But Unity on Mir is going to fix that. Try porting Unity and you have to pull Ubuntu patched: mesa, qt, gtk, gnome, x, video drivers, lightdm... So for example, if I somehow manage to get Unity/Mir on Fedora, it would replace so many packages that it wouldn't be Fedora anymore (lots of bugs would be invalid, many packages would conflict, other DEs would be removed)
It's becoming one big welded interdependent mess.
http://sfconservancy.org/news/2013/a...exfat-samsung/ If you have further ongoing evidence of non compliance, feel free to post them publicly or better yet contact the software freedom conservacy. Several Linux kernel developers are participating in the enforcement process including but not limited to Matthew Garett and Greg KH.
The OS will support Gnome extensions, and you can assumedly even run any DE on it that you can on normal Linux distros. Tizen OS is aimed at "developers and gamers", it's basically just a Linux distro but has all the Tizen HTML5 frameworks added that allows you to run HTML5-based Tizen apps.
Nnnope, it really doesn't. No other distro is offering Unity, why do you think that is? Oh don't tell me, it's probably just "everyone hates Canonical because they're all jealous" or something, right?Stop the bullshit rhetoric.Unity works on other distros albeit not perfectly
Apart from requiring the entire graphics stack to be updated, and that it's hard to get Unity to even compile outside its natural environment, the full functionality of Unity is also dependent on closed-source server side code. I'm referring to the smartscopes addition. Don't know if anyone would even want to use that, but it depends on proprietary code to function.
When Unity8+Mir comes out, the situation will be even worse.
Wow, what an intelligent, well-reasoned argument. Welp, I'm convinced!Blah blah the parrot is at it again
Yes they are going to have to do it now, after trying to push the work to others.They are doing the work,stop making out like they never had any intention not doing so.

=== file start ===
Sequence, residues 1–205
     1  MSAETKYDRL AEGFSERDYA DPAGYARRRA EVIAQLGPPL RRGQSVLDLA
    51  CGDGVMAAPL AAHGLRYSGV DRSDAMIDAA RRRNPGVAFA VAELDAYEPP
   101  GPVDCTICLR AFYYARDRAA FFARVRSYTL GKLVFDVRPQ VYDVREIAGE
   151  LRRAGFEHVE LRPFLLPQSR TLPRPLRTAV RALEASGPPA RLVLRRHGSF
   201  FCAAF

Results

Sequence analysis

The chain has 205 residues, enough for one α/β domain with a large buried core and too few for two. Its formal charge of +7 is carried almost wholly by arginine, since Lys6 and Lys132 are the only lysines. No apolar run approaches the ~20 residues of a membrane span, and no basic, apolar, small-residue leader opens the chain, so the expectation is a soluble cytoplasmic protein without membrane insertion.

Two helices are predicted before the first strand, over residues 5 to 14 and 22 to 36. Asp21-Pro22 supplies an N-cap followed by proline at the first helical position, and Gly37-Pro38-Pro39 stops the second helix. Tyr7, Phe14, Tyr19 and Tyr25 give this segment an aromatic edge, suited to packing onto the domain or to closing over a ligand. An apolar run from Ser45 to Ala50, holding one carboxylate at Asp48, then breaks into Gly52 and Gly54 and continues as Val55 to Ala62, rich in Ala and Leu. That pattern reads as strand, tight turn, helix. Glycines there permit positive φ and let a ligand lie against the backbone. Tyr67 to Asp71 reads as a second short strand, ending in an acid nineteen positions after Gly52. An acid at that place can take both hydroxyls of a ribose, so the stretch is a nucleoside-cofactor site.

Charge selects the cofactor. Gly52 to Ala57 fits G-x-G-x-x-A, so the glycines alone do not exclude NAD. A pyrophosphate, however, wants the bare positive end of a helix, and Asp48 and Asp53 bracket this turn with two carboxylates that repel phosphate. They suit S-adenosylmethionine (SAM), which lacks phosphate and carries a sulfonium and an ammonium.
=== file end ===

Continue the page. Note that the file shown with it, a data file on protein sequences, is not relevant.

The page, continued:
Take a step back, hotshot. Intel has done nothing to hinder Canonical's efforts to create their own graphics system. They haven't changed the code in ways that would make it harder to run Mir, or anything. They've simply declined to take on the burden of maintainership for a patch that a) goes against their interests and b) that only benefits Canonical/Ubuntu, no one else. If they also disagree with Canonical's decision on a political level it is an entire other issue.Stop the bullshit rhetoric
This isn't about the work they have or haven't done.Or that upstream should or shouldn't accept the patch Its about the reason for a patches rejection. "We do not condone or support Canonical in the course of action" that goes against a lot of what Intel have portrayed with their opensource efforts/vison and the "their can be only one" leaves a rather bitter taste
Intel also has the right to disagree with Canonical's direction and therefore refrain from supporting it. Doesn't make them any less "open" or anything either. Open source is not about others being obligated to support every idiotic move you make.
Well first of all, let's face it, there's no benefit from using Mir vs. Wayland. There are no technical reasons for the existence of Mir, it's purely a me-too NIH copycat software. There's really no reason why a USER would want to install Mir on a non-Ubuntu distro. Secondly, it's also easy to say to driver maintainers, etc. that they should support Mir in case users want to use it on whatever distro, but your ignoring the fact that having to maintain the patches that provide Mir-compatibility for the graphics stack is work, it's resources that is away from other things, such as development. It makes no sense to waste limited resources for something that is a corner case at best.If distros choose wayland or mir that's their choice. As with anything, Mir can only bring benefits to those that choose to use it.Canonical have made it very clear that their intention is to have Mir eventually work on all distros. So if a USER , god forbid, made a choice and wished to install Mir on their current distro they could and more importantly should be able to .Of course you are the kind of person that will then say its only useful for one distro due to all those out of tree patches.
Which is more useful: Wayland, which all DE's support, or Mir, which is designed only for Unity, will never be supported by anything other than Unity? Unless some distro wants to offer Unity, there's no reason why anyone would even want to use Mir.